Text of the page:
The demonstrations in Kiev present a huge opportunity for the European Union to become a serious geostrategic player in Eastern Europe and Eurasia, writes Kevin Doran
The European Union High Representative for Foreign Affairs and Security Policy Catherine Ashton is sending her political director Helga Schmid to represent her at an annual Organisation for Security and Cooperation meeting in Kiev. Polish Foreign Minister Radek Sikorski, who negotiated the EU’s political agreement with Ukraine that was suddenly torn up by the Ukraine government, will also send a deputy in his place. French, German and British foreign ministers are also planning to send deputies.
The union is playing down the idea that its low-key delegation amounts to a snub. United States Secretary of State John Kerry has no such qualms, however. He has let it be known that he will be in Moldova instead. Moldova has signalled support for a neighbourhood treaty with the EU next year.
Even if were not a deliberate snub on the part of the union – and it is commonplace for foreign ministers to send deputies for regular OSCE meetings – it is, nevertheless, a smart move by EU ministers to stay away; at least for the time being. The last thing they want to be accused of is inflaming a highly sensitive situation in Ukraine just by their very presence.
And yet, the protesters on the streets of Kiev, are looking for assurance that some diplomatic pressure will be applied to ensure a U-turn by their government – so that it will resume talks with the EU in the hope of a stable and sustainable political partnership. Whether the union likes it or not, it is in a tug of war with Russia over Ukraine’s allegiances. And Ukraine is the jewel in Russia’s sphere of influence and in Vladimir Putin’s view of the world the country’s loyalty is a zero-sum game.
It does not matter if that this is not how the EU sees it. President Putin has already hinted darkly that western forces have been stirring up pro-EU protests in the Ukraine capital. Perhaps Europe could have done more to factor in Russia’s likely response during the Eastern Partnership talks. Ukraine President Viktor Yanukovych this week said that Russia expressed concerns that Ukraine, in the course of its negotiations with the EU, did not hold consultations with Russia on the commodities that are vulnerable for Putin.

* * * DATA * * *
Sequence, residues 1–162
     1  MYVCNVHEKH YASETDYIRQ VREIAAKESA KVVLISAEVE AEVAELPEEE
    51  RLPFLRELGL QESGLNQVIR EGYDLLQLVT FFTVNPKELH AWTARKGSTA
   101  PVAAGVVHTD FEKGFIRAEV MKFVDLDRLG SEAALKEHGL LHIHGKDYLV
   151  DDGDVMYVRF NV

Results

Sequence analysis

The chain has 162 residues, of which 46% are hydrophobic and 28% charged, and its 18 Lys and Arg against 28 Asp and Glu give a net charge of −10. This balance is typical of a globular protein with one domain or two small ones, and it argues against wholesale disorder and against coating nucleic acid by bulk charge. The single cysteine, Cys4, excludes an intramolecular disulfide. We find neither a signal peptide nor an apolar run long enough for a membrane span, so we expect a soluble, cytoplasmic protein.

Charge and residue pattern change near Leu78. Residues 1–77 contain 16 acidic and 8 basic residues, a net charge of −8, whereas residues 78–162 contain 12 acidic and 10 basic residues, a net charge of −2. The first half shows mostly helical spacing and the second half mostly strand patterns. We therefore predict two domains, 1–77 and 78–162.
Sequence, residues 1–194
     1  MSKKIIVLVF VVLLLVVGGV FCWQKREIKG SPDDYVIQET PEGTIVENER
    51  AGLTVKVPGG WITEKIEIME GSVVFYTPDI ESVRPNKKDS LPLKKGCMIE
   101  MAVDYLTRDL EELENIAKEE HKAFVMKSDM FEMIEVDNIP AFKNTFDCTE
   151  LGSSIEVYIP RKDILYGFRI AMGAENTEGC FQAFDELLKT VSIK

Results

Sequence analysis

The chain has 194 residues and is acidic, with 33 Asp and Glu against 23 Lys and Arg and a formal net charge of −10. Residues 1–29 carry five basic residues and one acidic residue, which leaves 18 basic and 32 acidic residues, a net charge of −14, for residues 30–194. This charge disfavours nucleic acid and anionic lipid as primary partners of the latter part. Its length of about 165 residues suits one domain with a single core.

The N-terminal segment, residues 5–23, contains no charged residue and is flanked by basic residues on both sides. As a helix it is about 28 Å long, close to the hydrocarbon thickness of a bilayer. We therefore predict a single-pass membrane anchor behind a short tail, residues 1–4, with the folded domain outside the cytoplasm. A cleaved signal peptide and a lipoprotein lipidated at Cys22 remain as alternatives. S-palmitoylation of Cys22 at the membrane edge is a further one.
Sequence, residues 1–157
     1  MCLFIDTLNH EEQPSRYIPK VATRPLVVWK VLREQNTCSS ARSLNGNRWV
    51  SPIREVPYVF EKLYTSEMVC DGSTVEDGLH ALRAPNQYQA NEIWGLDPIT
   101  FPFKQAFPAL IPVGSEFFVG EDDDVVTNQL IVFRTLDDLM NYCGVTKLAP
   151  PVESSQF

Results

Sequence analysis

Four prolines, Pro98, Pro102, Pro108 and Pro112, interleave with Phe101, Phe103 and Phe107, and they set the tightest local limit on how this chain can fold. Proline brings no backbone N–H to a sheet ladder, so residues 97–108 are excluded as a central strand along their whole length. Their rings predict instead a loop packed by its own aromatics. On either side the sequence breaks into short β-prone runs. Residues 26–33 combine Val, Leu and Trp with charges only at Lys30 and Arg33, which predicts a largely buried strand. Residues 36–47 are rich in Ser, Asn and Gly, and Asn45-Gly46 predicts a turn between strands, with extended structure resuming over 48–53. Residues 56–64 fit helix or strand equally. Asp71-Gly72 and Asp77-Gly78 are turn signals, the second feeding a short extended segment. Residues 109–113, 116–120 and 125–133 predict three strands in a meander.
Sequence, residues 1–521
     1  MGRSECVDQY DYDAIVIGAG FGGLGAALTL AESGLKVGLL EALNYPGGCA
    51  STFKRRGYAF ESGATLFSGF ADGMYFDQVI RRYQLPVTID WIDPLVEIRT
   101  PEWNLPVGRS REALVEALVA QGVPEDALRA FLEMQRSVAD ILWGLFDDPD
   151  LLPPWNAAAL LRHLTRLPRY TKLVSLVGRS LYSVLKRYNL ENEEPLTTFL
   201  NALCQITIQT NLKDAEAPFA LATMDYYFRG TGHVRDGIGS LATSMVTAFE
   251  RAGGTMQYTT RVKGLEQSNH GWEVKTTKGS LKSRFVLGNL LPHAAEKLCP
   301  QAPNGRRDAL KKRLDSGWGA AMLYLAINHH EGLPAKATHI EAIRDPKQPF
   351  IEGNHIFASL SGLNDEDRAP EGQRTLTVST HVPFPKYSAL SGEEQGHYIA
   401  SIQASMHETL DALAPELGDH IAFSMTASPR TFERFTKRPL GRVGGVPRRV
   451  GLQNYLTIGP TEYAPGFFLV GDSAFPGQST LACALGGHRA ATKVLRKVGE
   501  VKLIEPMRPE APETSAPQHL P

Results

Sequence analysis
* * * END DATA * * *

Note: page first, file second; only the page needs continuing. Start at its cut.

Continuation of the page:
Yanukovych could not have been clearer about what was at stake. He said: “If Ukraine had signed the Association Agreement, it would have lost its dialogue with Russia”. Yanukovych wants to equivocate in the form of trilateral talks – Ukraine, Russia and the EU. But Brussels appears to have rejected it on the grounds that it would give a right of veto to Russia. So what, if anything, should the EU do now?
The European Commission was quick to say that the door remains open to Ukraine. It makes sense to keep the lines of communication open. However the EU will not re-open negotiations over terms. The commission says it “stands ready to discuss aspects of implementation related to the agreements already initialled” although it will not re-open any kind of negotiations. How the Yanukovich government handles the bitter protests in Kiev will be critical for future diplomacy. European Commission President José Manuel Barroso confirmed that Yanukovych, in a phone-call between the two, promised to respect the civil liberties of protesters.
Charles Tannock, British Conservative Party foreign affairs spokesman in the European Parliament, warns that “President Yanukovych should be aware that the world is watching him and he should walk through that door, not slam it shut because Russia has told him to do so”. At the same time, EU member states also want to show Yanukovych he has lost popular support and that a U-turn which sees him signing the EU pact in the margins of an EU summit on December 19 – or at a meeting in March – will be in his political interests.
However, Yanukovych is likely to expect vast sums of EU money in compensation for what may lead to a loss of trade with Russia. The Eastern Partnership has been seriously weakened by the Ukraine’s rejection of an association agreement. Yet, the demonstrations in Kiev present a huge opportunity for the EU to become a serious geostrategic player in Eastern Europe and Eurasia. The last few days show that there is a popular will for it, even if it is politically difficult. As Guido Westerwelle, the German Foreign Minister says the demonstrations “show that the heart of the Ukrainian people beats in a European way”.
Events are moving fast in Kiev and it is hard to tell what will happen next for Ukraine. For now, though, the EU should stand firm and be true to the values that hold so much appeal for ordinary Ukrainians while patiently holding the door ajar to a troubled country struggling to determine its own future.
Kevin Doran is chief executive of ResEuropa – a Policy Review partner organisation